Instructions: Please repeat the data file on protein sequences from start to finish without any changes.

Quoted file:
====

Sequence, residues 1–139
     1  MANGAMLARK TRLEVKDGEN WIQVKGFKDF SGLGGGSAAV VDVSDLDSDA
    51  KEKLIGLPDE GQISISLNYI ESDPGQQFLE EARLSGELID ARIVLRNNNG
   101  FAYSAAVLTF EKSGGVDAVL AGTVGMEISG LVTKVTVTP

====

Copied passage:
Sequence, residues 1–139
     1  MANGAMLARK TRLEVKDGEN WIQVKGFKDF SGLGGGSAAV VDVSDLDSDA
    51  KEKLIGLPDE GQISISLNYI ESDPGQQFLE EARLSGELID ARIVLRNNNG
   101  FAYSAAVLTF EKSGGVDAVL AGTVGMEISG LVTKVTVTP